SANAA: President Abdrabuh Mansur Hadi insisted that a shooting that targeted the prime minister's convoy was an "isolated act", Yemen's official Saba news agency reported Sunday.
Prime Minister Mohamed Basindawa escaped unharmed as gunmen opened fire at his convoy in the capital Sanaa on Saturday in an attack that left no casualties, a security source said.
Basindawa has headed a national unity government since December 2011, under a transition agreement paving the way for president Ali Abdullah Saleh's ouster.
"Opening fire at the prime minister's convoy is an individual, isolated, unacceptable and condemned criminal act which will be dealt with firmly," Hadi said, quoted by Saba.
According to security officials, Al-Qaeda, accused of having assassinated members of Yemen's security forces in addition to several failed attempts to kill the defence minister, was not linked to Saturday's attack.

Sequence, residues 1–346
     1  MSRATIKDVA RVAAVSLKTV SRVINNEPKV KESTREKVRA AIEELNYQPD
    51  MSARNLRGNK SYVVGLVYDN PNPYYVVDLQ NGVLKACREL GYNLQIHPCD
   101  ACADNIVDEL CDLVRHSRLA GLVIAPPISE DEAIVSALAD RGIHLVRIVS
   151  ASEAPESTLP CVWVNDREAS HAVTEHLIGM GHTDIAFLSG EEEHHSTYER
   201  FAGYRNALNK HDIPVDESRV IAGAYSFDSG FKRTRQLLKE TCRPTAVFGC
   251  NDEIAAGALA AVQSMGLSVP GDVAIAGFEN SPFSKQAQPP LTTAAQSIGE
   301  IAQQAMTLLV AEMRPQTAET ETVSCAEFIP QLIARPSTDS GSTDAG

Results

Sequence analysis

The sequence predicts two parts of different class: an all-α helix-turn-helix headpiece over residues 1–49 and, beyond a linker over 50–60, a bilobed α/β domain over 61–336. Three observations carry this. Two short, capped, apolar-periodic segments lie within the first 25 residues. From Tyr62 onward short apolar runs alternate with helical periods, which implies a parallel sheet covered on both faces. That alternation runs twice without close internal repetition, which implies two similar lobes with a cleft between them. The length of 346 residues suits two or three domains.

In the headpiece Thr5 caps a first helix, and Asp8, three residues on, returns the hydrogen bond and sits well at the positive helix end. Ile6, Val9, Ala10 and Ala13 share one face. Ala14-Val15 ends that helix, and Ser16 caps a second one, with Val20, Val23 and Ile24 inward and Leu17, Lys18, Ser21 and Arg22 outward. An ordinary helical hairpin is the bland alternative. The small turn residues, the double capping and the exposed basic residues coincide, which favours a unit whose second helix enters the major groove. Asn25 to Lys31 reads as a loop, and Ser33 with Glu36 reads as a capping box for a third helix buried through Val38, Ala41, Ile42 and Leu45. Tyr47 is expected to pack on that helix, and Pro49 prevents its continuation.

Basindawa was travelling in an armoured car when the four gunmen in a four-wheel drive opened fire before fleeing, the security source said Saturday.
It was the first such attack to target the premier, who was a leading opposition figure under Saleh.
Apart from the Al-Qaeda threat, Yemen is also caught in a power struggle with southern separatists and faces a rebellion in the mostly-Shiite populated north.
The government on August 21 apologised to both southern separatists and northern rebels for wars against them, as part of efforts to encourage national dialogue aimed at drafting a new constitution and holding elections.
Yemen is the ancestral home of Al-Qaeda's late founder Osama bin Laden and the home base of the militant faction's local front group, Al-Qaeda in the Arabian Peninsula.
AQAP militants took advantage of a decline in central government control during a 2011 popular uprising that forced Saleh from power, and seized large swathes of territory across the south.
But the army expelled them from these areas in June 2012 and they have been increasingly weakened mainly due to US drone attacks, although they still carry out hit-and-run attacks on security forces.